California’s stagnant market is boosted by Virgin America and Southwest

Image: Sir Richard Branson and Virgin America CEO Fred Reid celebrate the launch of flights from its San Francisco base in August.
Sir Richard Branson and Virgin America CEO Fred Reid celebrate the launch of flights from its San Francisco base in August.

According to World Bank figures in 2006, if California were a country it would have the world’s eighth largest economy, behind Italy but ahead of Canada, Spain and Brazil. In terms of aviation activity its airports handled just over 177 million passengers in 2006, about the same number as all German airports. Among European countries, only the airports in the UK (237 million) and Spain (193 million) generated more air passenger movements.

Market stagnation in 2006

However, a closer look at the 12 airports which handled more than one million passengers in 2006 shows that traffic growth was virtually non-existent in California. However, in the first nine months of 2007 all of the top 10 airports are registering growth of up to 6%.

Airport Passengers
2005 (m)
2006 (m)
’06 v ’05
’07 v ’06 YTD
Los Angeles (LAX) 61.489 61.040 -0.7% 1.5%
San Francisco (SFO) 33.396 33.575 0.5% 5.4%
San Diego (SAN) 17.373 17.482 0.6% 4.8%
Oakland (OAK) 14.418 14.434 0.1% 2.9%
San Jose (SJC) 10.757 10.708 -0.5% 0.2%
Sacramento (SMF) 10.203 10.363 1.6% 5.3%
Santa Ana (SNA) 9.627 9.614 -0.1% 6.0%
Ontario (ONT) 7.214 7.050 -2.3% 2.3%
Burbank (BUR) 5.513 5.689 3.2% 4.6%
Long Beach (LGB) 3.034 2.758 -9.1% 5.8%
Palm Springs (PSP) 1.420 1.529 7.7%  
Fresno/Yosemite (FAT) 1.191 1.281 7.5%  
Source: Airport websites

At seven of California’s top 10 airports (the exceptions being LAX, SFO and LGB) Southwest was the leading carrier in terms of passengers. At LAX and SFO, which contribute over half of all California’s traffic, United is the market leader, while JetBlue is dominant at Long Beach.

Southwest has quarter of market

Logo: FresnoAn analysis of which airlines handled most passengers in California in 2006 shows that Southwest was responsible for almost a quarter of all passenger movements with just over 42 million.

Chart: Leading airlines in California 2006
Source: Derived from BTS data
Image: Southwest celebrate return to San Francisco
Southwest celebrated its return to San Francisco on 26 August.

Southwest’s lead over United is likely to increase as this year the airline returned in August to San Francisco and is gradually building up a significant presence there. It has just begun flying eight times per day between San Francisco and Los Angeles where it will compete against Alaska Airlines, American, Delta, United and Virgin America.

Among the top 15 airlines only Mexicana is a non-US carrier with nearly two million passengers primarily on routes to Mexico City (610,000) and Guadalajara (840,000).

Virgin America finally flies

Logo: Virgin America

After much procrastination by the regulatory authorities Virgin America finally took to the air from its San Francisco base in August, and is now operating six routes including between San Francisco and Los Angeles, which it serves with five daily flights.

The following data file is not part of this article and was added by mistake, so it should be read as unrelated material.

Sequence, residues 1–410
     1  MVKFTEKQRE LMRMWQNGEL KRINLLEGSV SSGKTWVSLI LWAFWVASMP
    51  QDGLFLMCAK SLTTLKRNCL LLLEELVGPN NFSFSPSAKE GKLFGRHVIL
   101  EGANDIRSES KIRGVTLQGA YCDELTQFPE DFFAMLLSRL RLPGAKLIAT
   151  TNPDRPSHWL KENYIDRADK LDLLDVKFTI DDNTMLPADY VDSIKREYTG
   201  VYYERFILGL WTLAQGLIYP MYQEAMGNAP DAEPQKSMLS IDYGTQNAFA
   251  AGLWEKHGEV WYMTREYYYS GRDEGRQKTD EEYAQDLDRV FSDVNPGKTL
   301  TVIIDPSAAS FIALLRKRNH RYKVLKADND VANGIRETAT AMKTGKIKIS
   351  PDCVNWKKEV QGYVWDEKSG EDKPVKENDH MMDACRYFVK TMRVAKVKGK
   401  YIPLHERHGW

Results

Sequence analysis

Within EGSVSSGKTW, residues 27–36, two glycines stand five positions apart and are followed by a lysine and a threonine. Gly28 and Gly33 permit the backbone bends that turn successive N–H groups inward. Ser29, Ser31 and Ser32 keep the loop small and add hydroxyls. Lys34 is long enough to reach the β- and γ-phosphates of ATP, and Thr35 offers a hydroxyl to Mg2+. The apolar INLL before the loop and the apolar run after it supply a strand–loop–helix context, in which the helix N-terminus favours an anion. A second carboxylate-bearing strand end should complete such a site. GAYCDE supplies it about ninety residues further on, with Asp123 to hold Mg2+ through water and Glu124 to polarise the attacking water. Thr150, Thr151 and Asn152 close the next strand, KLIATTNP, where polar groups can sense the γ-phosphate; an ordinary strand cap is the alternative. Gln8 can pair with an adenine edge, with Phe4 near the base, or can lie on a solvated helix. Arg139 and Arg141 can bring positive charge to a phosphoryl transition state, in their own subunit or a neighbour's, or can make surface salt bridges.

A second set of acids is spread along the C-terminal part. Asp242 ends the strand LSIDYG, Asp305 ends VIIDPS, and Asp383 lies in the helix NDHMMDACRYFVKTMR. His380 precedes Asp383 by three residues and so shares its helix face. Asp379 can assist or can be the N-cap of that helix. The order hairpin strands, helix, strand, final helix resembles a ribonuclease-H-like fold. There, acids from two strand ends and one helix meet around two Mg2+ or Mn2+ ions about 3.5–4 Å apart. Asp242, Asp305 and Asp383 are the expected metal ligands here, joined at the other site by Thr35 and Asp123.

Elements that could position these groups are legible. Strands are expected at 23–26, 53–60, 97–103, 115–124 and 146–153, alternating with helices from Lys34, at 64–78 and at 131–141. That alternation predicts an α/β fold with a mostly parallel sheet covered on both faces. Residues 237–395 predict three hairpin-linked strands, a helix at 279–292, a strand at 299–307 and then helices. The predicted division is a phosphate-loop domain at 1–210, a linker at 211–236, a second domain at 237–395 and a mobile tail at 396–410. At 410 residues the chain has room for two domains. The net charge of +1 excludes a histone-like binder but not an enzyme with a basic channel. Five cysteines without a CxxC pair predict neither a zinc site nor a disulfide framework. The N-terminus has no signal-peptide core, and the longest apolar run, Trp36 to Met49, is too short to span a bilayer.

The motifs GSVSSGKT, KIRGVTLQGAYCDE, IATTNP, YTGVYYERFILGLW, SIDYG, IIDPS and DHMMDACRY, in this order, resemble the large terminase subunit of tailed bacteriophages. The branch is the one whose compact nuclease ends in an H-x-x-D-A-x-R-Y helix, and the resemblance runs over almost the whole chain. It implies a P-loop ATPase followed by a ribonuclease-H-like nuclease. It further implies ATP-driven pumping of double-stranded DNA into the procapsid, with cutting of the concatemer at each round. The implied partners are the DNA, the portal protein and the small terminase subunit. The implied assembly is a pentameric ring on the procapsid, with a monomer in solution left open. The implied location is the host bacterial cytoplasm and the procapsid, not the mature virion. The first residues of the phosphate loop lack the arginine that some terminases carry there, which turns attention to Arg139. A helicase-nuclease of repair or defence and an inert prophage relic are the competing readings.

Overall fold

Image: San Diego route on sale

A new route between San Francisco and San Diego begins next February and will be operated five times daily in competition with United and Southwest.

ExpressJet develops own-branded network from smaller airports

Logo: ExpressJet

Another newcomer is ExpressJet, which previously focused on providing services for other airlines, primarily Continental for whom it operates over 200 aircraft as Continental Express. It is now developing a network under its own name using around 40 Embraer regional jets and currently operates from eight Californian airports, including smaller ones such as Monterey, Bakersfield, Fresno and Santa Barbara.

Mexicana is biggest foreign carrier

Not surprisingly, Mexicana is the largest foreign carrier, but it is followed in California by Qantas, Air New Zealand, British Airways, Lufthansa, Cathay Pacific, Singapore, EVA Air, Korean and Air France. It seems likely that some of the new wave of Mexican LCCs will soon start to operate more international flights and California is an obvious market.

Air fares vary considerably

Despite Southwest’s major contribution to California’s air traffic, average air fares at some airports, notably San Francisco, are above the national average. SFO suffers most in long-haul markets where air fares are 25% above the national average compared with just 7% at LAX.

Airport Fare PremiumAll Markets Fare PremiumShort-Haul Fare PremiumLong-Haul
San Francisco 21% 9% 25%
Palm Springs 9% 2% 11%
Fresno 6% 2% 9%
Los Angeles 4% -8% 7%
Santa Ana 1% -9% 7%
San Jose -3% -5% -2%
San Diego -5% -13% -1%
Burbank -7% -8% -5%
Ontario -8% -16% -2%
Sacramento -13% -20% -5%
Oakland -15% -13% -17%
Long Beach -24% -32% -21%
Source: US Office of Consumer Affairs (2007 Q1)

Logo: Long Beach AirportFor cheap fares, the best airport is Long Beach where JetBlue accounts for nearly 80% of passengers. The art deco terminal building was designated a cultural heritage landmark in 1990. ExpressJet recently began double-daily services to Fresno, Reno and Monterey using Embraer 145s. Long Beach is one of the world’s busiest general aviation airports and is also home to aircraft manufacturers Boeing and Gulfstream.

Image: Long Beach Airport Terminal


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